In some ways, by presenting you with this choice, EarthBound challenges the conceptions and tropes of the RPG genre in a way rarely addressed by games at the time; whilst ultimately you must agree to go along with this heavy-handed process if you wish to reach the final battle, the game’s writing challenges you to ponder on the gravity of your entire journey with these four characters, as well as their place in the grander scale of the world. One of the key strengths of EarthBound’s writing and characterisation is the manner in which it allows characters, be it playable or NPCs, to feel human. Even amongst the outlandish and bizarre residents of EarthBound’s world, the ordinary people who dot the streets from Twoson to Fourside are crafted in a manner that makes you feel a genuine desire to go ahead with this final sacrifice to protect the world. There are a lot of characters in EarthBound who do bad things, but are good people at heart. In the same way, there are characters who address the uglier sides to human nature; they might not be good people, but they feel like actual people, and that’s what makes them more memorable and relevant. Their innocence and naivety towards the incomprehensible evil that threatens their very existence makes them appear inferior to our protagonists, but in fact serves as reflection of us as people and our greater society; the obliviousness towards the greater evil, or simply the way that we go about our daily business with little true knowledge of the world and its mysteries, is captured perfectly here.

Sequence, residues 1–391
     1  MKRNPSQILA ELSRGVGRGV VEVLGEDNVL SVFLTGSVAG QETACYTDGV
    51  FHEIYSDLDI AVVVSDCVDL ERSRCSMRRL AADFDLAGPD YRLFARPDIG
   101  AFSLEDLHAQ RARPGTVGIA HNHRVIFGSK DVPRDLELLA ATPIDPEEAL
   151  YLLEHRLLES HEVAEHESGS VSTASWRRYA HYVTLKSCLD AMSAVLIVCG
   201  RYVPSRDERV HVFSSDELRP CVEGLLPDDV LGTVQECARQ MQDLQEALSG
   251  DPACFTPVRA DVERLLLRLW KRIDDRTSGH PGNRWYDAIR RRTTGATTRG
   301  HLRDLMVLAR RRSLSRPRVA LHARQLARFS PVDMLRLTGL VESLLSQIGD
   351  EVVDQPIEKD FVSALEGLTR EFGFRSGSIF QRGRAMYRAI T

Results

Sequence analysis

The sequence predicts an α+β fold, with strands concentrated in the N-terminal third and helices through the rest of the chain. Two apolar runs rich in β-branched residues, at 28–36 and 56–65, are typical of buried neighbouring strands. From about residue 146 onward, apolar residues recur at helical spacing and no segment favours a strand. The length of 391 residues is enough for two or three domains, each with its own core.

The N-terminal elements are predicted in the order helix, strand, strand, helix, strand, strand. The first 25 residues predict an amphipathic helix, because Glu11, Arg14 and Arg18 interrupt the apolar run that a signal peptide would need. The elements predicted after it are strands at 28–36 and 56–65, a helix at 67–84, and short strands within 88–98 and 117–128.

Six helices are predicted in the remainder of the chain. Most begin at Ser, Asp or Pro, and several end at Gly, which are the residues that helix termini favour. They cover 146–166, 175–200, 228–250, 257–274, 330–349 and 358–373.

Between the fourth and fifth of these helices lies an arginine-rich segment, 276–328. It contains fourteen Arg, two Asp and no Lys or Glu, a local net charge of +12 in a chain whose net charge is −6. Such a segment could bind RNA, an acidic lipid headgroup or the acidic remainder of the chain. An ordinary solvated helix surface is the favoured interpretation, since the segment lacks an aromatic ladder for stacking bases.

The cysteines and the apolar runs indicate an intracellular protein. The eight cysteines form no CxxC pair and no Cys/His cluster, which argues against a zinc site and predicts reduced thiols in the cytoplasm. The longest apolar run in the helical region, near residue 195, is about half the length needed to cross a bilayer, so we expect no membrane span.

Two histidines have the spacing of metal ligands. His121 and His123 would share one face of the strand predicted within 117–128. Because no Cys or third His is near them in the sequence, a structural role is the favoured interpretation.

The scenes that portray the four party members going through this unexpected transformation are subtle, but truly haunting. The sprites representing the children who you have guided on a grand adventure lie still in the darkness, the mechanical whirring and buzzing sounds suggesting the grim reality of the process they must face, their familiar appearances that you have slowly but surely grown to recognise and care about, suddenly no more. In this short but powerful sequence, it’s unnerving to ponder on the thoughts and feelings of Dr. Andonuts in particular as Jeff’s sprite appears on screen; the context of their relationship as father and son requires some deeper thought beyond what is addressed in the game itself, again a factor likely to be overlooked by many a player, but this provides a shocking topic none-the-less that displays EarthBound’s great power to serve as a thought-provoking piece of media.